15. Avoiding injury or illness or to escape a risk of harm; or
  16. For emergencies or compassionate reasons.


The following is not exhaustive (principally because it’s changing daily!) but here’s our take on the fines for not complying with the requirements in your State


State  Maximum Penalties for non-compliance 
NSW  • Individuals: $11,000 fine plus a further fine of $5,500 for each day it continues and up to six months’ jail time. 

• Body corporate: $55,000 fine plus a further fine of $27,500 for each day it continues  

Qld   Individuals: $13,345 
Vic  • Individuals: $19,826.40  

• Body corporate: $99,132  

SA  • Individuals: $20,000  

• Body corporate: $75,000  

WA  • Individuals: $20,000  

• Body corporate, $100,000  

NT  • Individuals: $62,800  
Tas  • Individuals: $16,800 or up to six months’ jail time 

Take care and continue social distancing as much as possible.

Questions? Give us a call.

As the number of COVID-19 cases increases, make sure that you are safe. Check this WHO article to protect you and your family from COVID-19.

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3 things to consider when using electronic signature https://lodestarlegal.com.au/3-things-about-electronic-signature?utm_source=rss&utm_medium=rss&utm_campaign=3-things-about-electronic-signature https://lodestarlegal.com.au/3-things-about-electronic-signature#comments Wed, 01 Apr 2020 03:22:55 +0000 https://lodestarlegal.com.au/?p=2676 3 things to consider when using electronic signature Read More »


Is using electronic signature the new norm for signing documents?

You’ve spent weeks, maybe months, negotiating an agreement. But how do you sign it when everyone is working remotely, and social distancing is the new norm?  

There are several ways to execute an agreement. The ‘gold standard’ is signing a document in line with section 127 of the Corporations Act 2001,  

which includes any of the following methods in signing the document:  

  • any 2 directors;  
  • a director and a company secretary; or  
  • a sole director who is also the sole company secretary.  

There are other ways, of course, but when a document is signed this way, each party has the right to assume that the document has been duly executed and is therefore binding on and enforceable against the other company.  This applies even in the event of fraud or forgery by the company’s officers (unless, of course, one party knew or suspected something was off at the time).

Using Electronic Signature For Contracts

For the most part, an electronically-signed contract will be valid if your contract is properly drafted and someone with the right level of authority from the other party has signed or accepted your contract.  Software programs such as DocusignPandaDoc and Adobe can help facilitate the process.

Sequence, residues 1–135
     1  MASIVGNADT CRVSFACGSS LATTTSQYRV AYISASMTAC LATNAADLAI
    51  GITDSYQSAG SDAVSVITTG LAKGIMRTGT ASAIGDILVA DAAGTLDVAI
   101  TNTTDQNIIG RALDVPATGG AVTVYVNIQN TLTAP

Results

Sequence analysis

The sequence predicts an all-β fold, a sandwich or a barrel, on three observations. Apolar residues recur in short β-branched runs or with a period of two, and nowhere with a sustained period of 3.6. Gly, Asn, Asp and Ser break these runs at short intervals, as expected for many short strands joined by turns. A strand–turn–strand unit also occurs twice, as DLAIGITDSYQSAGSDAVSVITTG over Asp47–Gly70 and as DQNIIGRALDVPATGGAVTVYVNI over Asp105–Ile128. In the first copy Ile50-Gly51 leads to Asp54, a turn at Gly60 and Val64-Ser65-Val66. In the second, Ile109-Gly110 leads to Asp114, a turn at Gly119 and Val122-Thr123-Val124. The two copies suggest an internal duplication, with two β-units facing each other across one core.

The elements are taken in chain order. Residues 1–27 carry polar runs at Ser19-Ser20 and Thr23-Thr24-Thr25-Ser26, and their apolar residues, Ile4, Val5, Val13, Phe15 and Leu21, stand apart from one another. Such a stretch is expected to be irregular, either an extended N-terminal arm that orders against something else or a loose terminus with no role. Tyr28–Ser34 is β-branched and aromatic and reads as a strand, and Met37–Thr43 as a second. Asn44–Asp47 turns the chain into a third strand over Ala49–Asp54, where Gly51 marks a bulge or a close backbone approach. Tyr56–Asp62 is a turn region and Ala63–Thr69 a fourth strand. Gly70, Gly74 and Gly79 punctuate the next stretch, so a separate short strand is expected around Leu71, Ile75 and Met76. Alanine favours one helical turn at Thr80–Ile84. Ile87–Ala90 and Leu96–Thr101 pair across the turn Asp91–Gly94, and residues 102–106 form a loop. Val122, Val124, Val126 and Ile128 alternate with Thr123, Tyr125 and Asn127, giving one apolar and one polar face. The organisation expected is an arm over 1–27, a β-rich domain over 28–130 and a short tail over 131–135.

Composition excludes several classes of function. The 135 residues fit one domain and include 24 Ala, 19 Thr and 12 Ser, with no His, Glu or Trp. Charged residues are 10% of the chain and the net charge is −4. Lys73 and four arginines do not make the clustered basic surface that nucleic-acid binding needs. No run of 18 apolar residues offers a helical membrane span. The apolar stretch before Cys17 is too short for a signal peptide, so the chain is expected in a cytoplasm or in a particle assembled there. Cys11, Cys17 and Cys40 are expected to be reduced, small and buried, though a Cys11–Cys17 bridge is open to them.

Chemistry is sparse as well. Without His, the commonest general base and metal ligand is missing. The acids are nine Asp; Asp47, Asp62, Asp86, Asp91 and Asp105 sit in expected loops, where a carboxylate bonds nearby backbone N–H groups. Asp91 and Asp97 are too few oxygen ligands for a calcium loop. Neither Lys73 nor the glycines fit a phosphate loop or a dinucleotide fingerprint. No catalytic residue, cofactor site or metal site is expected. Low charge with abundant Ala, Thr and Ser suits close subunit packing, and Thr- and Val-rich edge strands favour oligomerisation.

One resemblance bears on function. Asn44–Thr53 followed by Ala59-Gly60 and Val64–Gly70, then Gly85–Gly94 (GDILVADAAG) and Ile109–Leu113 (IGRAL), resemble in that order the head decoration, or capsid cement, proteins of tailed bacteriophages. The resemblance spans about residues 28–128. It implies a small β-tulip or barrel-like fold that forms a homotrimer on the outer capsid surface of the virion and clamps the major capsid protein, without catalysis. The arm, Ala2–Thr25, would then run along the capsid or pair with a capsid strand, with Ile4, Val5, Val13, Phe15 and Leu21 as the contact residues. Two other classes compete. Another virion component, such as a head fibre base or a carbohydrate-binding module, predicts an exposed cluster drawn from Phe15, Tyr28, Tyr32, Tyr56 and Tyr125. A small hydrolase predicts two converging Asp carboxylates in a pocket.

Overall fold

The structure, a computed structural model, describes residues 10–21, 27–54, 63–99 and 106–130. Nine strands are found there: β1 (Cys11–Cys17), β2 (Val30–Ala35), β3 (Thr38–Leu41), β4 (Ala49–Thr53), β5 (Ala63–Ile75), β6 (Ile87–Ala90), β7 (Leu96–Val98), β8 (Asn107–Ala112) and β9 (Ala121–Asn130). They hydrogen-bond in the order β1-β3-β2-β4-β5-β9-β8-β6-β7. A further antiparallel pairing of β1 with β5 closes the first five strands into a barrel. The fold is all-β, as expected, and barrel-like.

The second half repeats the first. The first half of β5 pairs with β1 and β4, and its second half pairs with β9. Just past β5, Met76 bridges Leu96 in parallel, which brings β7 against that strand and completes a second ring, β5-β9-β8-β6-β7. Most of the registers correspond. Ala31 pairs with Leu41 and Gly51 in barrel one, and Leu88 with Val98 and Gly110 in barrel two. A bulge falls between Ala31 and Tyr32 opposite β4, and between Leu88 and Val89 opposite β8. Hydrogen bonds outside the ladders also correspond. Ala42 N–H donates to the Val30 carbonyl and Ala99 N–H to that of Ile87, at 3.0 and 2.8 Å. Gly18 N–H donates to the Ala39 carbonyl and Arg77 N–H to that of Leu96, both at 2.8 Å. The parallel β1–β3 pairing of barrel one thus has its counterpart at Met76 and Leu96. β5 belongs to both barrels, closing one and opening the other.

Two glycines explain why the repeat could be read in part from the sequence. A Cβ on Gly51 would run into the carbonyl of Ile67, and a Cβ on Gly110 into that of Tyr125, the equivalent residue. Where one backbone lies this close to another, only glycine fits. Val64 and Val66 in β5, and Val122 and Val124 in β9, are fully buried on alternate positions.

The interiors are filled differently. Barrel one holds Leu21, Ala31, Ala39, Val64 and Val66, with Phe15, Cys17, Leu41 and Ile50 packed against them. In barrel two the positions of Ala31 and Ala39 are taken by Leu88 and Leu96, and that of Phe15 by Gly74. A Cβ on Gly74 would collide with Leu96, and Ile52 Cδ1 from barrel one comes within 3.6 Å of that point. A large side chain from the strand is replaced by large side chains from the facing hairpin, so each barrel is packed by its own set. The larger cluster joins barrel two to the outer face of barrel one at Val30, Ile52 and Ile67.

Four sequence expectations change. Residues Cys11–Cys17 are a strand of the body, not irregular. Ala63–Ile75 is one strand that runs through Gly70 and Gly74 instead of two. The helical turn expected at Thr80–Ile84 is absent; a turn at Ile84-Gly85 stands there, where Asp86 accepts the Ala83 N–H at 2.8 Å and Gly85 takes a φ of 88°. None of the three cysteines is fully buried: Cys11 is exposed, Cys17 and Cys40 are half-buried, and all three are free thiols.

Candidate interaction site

electronic signature

We appreciate that in these unusual times, business needs to continue and contracts need to be signed so here’s some things to think about:  

  1. If you’re proposing to sign or accept a contract containing an electronic signature, first check with your lawyer to ensure it can be executed this way.  Affix your signature using a recognised program, and insist the other party does the same.
  2. Also consider asking the other party to send you an email to confirm that they have authority to sign the document with electronic signature.  They may ask the same of you.   We suggest a covering email (attaching the executed contract) along the following lines:
    “I / We have electronically signed the attached agreement / deed with the intention of entering into a binding contract with you, and I / We represent and warrant that I / We have actual authority to bind the party named in the attached agreement / deed.”
  3. You may prefer a handwritten signature in the following instances:  
    • If the document is a Deed, such that a witness is required, and it should be in physical form; 
    • If you’re taking part in large transactions with significant risk; or 
    • If you want to rely on the assumptions relating to proper execution in sections 127 of the Corporations Act 2010 (Cth), which appear to require a written signature. 

In these circumstances, execute the document with the electronic signature and then scan and send a copy to the other party.  The original agreement can be posted when it is permissible to do so.  

Questions? Give us a call.

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Is Covid-19 interrupting your business? https://lodestarlegal.com.au/is-covid-19-interrupting-your-business?utm_source=rss&utm_medium=rss&utm_campaign=is-covid-19-interrupting-your-business https://lodestarlegal.com.au/is-covid-19-interrupting-your-business#respond Tue, 17 Mar 2020 09:39:40 +0000 https://lodestarlegal.com.au/?p=2585 Is Covid-19 interrupting your business? Read More »

Let’s look at business interruption insurance